The latest news from academia, regulators
research labs and other things of interest
Posted: June 27, 2006
Movies show nanotubes bend like sluggish guitar strings
(Nanowerk News) In an exciting advance in nanotechnology imaging, Rice University scientists have discovered a way to use standard optical microscopes and video cameras to film individual carbon nanotubes – tiny cylinders of carbon no wider than a strand of DNA. The movies show that nanotubes can be "plucked" by individual molecules of water and made to bend like guitar strings.
"Nanotubes are fairly stiff, and when they are long enough, the bombardment by the surrounding water molecules makes them bend in harmonic shapes, just like the string of a guitar or a piano," said lead researcher Matteo Pasquali, associate professor of chemical and biomolecular engineering and chemistry, and co-director of Rice's Carbon Nanotechnology Laboratory.
The results, which are due to appear in an upcoming issue of Physical Review Letters, were published online June 23.
Pasquali said the analogy with stringed instruments doesn't completely fit with the nanoscale world. Unlike the guitar string, for example, the carbon nanotube is plucked randomly in many places at the same time. Also, it cannot resonate like the guitar string because the nanotube has too little mass, and its vibrations die quickly because it's surrounded by viscous liquid.
Carbon nanotubes are hollow, hair-like strands of pure carbon that are 100 times stronger than steel but weigh only one sixth as much. Nanotubes are one nanometer, or one billionth of a meter, wide. Human hair, by comparison, is about 80,000 nanometers wide.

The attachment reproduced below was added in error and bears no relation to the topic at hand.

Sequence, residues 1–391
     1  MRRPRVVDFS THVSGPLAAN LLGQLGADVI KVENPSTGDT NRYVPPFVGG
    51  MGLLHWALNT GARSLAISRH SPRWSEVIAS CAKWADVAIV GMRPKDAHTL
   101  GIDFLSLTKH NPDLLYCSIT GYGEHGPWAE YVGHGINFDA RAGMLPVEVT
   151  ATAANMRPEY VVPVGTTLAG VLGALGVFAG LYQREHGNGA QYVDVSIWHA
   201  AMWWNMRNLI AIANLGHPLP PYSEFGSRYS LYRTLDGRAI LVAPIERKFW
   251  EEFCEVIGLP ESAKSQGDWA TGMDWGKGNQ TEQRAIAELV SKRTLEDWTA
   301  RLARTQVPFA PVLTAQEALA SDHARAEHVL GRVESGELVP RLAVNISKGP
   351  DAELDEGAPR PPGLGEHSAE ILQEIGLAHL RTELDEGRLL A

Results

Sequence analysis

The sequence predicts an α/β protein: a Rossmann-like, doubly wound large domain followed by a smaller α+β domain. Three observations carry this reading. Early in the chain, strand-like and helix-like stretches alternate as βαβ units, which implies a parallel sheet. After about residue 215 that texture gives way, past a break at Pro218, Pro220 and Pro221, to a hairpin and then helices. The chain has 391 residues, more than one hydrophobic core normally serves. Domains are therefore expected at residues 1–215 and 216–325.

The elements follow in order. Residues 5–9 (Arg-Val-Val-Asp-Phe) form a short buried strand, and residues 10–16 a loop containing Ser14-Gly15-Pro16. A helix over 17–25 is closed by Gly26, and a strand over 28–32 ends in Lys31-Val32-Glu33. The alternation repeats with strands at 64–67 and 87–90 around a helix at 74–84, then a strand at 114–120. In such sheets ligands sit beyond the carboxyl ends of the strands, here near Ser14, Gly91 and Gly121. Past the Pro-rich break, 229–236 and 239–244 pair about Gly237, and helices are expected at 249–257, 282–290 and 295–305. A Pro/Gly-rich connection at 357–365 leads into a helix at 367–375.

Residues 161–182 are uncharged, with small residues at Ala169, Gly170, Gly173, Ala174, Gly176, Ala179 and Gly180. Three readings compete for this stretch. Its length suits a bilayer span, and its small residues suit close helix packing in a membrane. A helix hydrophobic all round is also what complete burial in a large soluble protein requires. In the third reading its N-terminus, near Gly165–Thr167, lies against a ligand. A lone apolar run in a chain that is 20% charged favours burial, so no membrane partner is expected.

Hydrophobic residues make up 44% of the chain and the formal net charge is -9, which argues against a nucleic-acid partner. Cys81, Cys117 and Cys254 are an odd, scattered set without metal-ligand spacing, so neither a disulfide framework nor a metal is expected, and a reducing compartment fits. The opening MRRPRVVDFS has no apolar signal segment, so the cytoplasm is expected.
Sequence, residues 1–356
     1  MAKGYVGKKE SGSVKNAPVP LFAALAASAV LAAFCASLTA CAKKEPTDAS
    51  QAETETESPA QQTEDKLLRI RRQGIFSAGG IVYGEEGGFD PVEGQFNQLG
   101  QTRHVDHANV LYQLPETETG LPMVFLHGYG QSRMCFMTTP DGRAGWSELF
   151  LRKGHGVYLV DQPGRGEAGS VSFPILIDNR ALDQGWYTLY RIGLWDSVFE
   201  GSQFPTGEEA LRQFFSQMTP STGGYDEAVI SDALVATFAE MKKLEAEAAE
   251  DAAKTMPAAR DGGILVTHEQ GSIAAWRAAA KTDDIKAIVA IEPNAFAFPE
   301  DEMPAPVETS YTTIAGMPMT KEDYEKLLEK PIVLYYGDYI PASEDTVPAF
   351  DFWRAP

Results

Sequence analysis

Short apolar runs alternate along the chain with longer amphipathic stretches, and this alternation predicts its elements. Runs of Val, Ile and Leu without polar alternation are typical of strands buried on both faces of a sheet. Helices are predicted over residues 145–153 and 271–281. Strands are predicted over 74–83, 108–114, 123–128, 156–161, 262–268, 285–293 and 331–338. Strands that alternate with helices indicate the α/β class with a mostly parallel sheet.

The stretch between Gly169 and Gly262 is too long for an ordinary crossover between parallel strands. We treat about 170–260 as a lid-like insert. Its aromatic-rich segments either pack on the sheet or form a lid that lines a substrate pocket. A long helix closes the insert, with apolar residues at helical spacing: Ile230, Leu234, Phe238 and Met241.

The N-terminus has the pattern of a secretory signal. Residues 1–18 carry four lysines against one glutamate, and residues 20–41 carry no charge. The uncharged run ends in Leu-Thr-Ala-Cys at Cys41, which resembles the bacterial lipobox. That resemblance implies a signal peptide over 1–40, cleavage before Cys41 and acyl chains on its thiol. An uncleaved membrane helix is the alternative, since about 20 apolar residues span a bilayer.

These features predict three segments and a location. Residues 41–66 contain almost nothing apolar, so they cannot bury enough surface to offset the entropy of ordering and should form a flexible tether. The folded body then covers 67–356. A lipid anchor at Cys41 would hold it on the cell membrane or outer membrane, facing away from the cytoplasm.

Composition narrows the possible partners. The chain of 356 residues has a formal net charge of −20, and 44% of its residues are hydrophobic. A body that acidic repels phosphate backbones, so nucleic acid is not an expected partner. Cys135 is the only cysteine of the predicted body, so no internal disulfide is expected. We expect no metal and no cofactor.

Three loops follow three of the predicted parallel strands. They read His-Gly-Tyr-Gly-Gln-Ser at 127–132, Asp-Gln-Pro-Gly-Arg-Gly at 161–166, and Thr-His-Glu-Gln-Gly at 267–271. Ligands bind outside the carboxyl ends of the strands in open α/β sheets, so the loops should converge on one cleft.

Nanotubes tend to clump together. To isolate individual tubes, Pasquali and doctoral student Rajat Duggal, now a research engineer at General Electric Co., put clumps of tubes into a mixture of water and a soap-like surfactant called sodium dodecyl sulphate, or SDS. When the nanotube clumps were broken apart with ultrasonic sound waves, the SDS surrounded the individual nanotubes and held them apart, in the same way laundry detergent surrounds and separates dirt particles in the wash.
In order to see individual nanotubes with a standard optical microscope, like those found in most biological laboratories, Pasquali and Duggal added a common red fluorescent dye that's often used to stain cells. The dye, which attached itself to the SDS surrounding each nanotube, glows brightly enough to be seen with the naked eye under a microscope.
"I had been working on fluorescence visualization of DNA, and other students in the lab were working on nanotubes," Duggal recalled. "A colleague was disposing of nanotube suspensions after an experiment, and I asked them to spare me a vial so I could try them with an optical microscope. I thought of decorating the nanotubes with a fluorescent dye that would prefer to be with the SDS rather than the water, and when I looked under the microscope – to my delight – I found bright dancing nanotubes."
Duggal said scientists have used electron microscopes to observe the underdamped vibrations of nanotubes in vacuum, but his and Pasquali's technique gives scientists the ability to see how nanotubes behave in liquids in real time.
Pasquali and Duggal videotaped dozens of nanotubes at 30 frames per second. A frame-by-frame analysis of the tapes revealed harmonic bending in several nanotubes that were 3-5 microns long and showed that the measured amplitude of the bending motion is consistent with earlier predictions of Rice materials scientist Boris Yakobson, professor of mechanical engineering and materials science and of chemistry.
Pasquali said the method works with other surfactants and it may be useful for life scientists who want to find out how nanotubes interact with cells, biomolecules and other biological entities.
"Our method doesn't provide the sensitivity or precision you get with the infrared, single-nanotube imaging methods developed last year by Rice chemist Bruce Weisman and doctoral student Dmitri Tsyboulski, but the equipment we need is less expensive," Pasquali said. "It's akin to the difference between playing a Stadivarius and playing a common violin."
The research was supported by the National Science Foundation.